Recently, while working on a magazine article about canning vegetables, I interviewed a woman named Deborah Lewis from Muncie, Indiana, who’s been growing vegetables and canning them for years. When I asked her what she likes most about canning, she said: “I love how canning requires you to slow down; you just can’t be in a rush when you are slipping tomato skins or snapping green beans.”
She’s exactly right. And I think the sentiment extends to gardening as well as canning and preserving. A couple of days ago, my boys and I spent part of the morning in the garden picking English peas. I had other work to do and they wanted to go swimming, but we had to take it slow or we’d miss one (or several) of the fat, ripened pods. You just can’t hurry through picking peas. Or planting them. Or shelling them.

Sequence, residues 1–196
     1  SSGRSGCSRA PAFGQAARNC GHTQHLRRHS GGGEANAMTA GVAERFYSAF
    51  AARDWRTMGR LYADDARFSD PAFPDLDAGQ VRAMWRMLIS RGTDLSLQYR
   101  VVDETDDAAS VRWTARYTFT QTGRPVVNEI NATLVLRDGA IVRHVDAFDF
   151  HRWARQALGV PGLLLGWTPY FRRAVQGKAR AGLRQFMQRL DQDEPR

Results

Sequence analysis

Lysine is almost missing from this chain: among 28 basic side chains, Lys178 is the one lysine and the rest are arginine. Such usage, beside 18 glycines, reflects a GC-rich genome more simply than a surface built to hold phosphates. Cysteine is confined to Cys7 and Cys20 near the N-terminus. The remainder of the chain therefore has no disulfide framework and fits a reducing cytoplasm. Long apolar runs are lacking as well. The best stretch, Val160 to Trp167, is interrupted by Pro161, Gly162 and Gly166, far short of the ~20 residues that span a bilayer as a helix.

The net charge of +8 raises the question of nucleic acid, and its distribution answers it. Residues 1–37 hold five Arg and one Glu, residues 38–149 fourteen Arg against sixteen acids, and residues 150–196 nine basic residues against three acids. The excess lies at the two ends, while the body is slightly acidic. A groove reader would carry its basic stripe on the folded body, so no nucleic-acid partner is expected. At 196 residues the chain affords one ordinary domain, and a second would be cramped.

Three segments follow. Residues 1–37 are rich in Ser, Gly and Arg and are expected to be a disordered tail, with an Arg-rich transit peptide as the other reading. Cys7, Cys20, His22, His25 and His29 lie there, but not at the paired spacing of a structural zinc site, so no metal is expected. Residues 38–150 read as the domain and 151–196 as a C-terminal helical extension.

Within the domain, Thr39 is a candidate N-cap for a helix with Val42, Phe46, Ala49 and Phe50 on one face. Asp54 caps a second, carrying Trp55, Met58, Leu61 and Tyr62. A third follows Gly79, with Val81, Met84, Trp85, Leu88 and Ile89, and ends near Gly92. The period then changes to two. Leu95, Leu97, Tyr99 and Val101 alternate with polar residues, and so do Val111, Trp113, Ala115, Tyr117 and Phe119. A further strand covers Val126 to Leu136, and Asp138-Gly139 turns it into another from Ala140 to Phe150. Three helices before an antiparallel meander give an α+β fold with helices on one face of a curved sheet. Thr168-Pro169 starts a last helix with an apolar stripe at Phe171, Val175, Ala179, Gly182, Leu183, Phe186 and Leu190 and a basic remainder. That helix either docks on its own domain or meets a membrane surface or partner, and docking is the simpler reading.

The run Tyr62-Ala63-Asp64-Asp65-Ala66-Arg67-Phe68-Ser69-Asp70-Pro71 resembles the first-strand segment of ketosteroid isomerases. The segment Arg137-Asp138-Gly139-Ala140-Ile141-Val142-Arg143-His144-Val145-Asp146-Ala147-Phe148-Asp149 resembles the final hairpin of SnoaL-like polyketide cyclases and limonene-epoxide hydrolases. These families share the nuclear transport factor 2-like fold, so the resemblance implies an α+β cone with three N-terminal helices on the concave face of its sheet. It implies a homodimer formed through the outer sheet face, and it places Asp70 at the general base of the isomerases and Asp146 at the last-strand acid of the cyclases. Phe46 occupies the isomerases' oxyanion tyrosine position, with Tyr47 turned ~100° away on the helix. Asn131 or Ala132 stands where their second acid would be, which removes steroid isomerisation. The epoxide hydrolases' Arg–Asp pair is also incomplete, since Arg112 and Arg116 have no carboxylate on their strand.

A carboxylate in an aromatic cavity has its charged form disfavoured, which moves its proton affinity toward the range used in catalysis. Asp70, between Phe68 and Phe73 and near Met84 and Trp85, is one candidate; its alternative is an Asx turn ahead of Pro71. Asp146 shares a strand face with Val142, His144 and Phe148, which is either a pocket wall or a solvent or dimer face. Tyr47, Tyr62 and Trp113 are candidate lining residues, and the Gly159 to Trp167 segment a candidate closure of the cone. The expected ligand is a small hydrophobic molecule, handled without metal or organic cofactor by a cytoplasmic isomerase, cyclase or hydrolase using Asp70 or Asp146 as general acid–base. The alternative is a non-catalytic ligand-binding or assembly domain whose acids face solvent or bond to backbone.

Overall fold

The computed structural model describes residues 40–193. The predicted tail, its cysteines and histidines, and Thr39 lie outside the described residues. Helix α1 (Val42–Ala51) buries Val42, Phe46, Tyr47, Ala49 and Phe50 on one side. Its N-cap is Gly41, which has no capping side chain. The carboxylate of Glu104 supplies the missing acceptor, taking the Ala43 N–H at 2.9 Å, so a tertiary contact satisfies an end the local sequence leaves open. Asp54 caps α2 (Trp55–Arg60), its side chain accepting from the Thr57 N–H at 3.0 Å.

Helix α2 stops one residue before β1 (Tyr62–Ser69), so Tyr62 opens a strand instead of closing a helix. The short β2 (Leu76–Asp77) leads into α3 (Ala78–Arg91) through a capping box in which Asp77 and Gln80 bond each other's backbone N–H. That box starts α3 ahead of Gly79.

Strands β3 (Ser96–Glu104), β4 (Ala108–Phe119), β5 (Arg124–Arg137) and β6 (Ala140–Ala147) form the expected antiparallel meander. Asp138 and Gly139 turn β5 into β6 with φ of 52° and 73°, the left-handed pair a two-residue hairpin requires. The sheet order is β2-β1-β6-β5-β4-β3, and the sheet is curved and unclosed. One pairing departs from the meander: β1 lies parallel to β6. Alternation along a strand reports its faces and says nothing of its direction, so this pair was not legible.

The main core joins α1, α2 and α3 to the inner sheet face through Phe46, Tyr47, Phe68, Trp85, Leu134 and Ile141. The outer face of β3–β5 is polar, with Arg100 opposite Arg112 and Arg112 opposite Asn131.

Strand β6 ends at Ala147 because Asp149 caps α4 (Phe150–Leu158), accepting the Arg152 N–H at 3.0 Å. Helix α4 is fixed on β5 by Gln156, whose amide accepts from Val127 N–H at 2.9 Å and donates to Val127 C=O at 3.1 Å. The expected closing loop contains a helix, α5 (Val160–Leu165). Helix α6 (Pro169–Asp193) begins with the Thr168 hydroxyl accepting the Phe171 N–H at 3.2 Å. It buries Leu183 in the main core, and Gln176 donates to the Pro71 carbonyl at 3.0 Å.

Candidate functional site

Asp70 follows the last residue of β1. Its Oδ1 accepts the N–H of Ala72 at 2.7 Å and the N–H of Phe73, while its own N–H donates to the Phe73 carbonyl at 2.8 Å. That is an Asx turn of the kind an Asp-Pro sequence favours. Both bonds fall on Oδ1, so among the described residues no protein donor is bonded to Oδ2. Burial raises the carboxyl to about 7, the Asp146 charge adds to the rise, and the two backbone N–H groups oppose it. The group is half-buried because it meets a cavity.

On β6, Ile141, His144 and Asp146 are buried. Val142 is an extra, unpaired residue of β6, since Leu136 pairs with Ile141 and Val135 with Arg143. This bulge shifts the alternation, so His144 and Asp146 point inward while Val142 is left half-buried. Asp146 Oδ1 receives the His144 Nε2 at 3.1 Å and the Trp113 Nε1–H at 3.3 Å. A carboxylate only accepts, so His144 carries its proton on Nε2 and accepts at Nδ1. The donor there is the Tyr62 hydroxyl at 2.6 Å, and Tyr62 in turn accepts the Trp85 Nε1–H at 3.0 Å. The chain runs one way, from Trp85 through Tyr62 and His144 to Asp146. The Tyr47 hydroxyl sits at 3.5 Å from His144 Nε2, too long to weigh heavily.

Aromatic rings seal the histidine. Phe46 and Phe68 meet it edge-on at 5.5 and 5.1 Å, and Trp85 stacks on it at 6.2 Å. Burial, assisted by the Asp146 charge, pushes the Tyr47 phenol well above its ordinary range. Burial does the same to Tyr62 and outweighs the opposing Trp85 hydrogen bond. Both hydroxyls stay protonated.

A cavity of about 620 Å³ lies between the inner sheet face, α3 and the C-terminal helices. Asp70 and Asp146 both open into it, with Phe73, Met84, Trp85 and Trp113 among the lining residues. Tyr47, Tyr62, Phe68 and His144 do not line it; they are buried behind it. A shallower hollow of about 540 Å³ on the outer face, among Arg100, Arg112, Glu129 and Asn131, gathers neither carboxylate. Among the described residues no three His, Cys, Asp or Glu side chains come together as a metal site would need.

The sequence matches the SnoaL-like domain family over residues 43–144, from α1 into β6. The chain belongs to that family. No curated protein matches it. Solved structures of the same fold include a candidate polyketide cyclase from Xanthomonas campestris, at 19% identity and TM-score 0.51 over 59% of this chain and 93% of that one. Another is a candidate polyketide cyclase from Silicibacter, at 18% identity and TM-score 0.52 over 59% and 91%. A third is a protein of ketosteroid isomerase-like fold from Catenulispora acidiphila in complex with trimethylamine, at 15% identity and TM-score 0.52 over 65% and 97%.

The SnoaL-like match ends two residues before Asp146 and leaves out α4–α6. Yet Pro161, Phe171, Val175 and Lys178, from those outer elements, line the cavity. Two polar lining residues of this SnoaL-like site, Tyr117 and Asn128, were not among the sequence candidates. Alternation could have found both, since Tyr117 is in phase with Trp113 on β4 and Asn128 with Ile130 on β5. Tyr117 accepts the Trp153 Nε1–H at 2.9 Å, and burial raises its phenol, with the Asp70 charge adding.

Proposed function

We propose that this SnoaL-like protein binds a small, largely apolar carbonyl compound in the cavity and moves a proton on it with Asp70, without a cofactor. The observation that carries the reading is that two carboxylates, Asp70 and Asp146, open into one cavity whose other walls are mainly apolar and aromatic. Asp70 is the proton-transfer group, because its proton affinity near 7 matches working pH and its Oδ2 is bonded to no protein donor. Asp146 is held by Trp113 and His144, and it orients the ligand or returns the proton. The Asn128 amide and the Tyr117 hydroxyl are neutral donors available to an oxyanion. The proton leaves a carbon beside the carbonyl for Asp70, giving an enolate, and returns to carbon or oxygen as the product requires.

Maybe that’s one of the valuable things about gardening. It makes us slow down, take our time, and enjoy the labor (or at least the fruits of it). Couldn’t we all use a good reason to slow down?
With baseball games, homework, laundry, work deadlines, and other commitments pulling our families in various directions at all times, it can seem like an impossibility to spend a morning, afternoon, or sometimes an entire day in the garden, or in the kitchen with the produce we’ve grown or purchased. But during that time, we’re usually talking, laughing, learning — and at the end of it, we have that satisfied feeling of having accomplished something important. After all, what’s more important than feeding your family good, wholesome foods?
Does gardening help your family slow down? What other lessons does it teach you?
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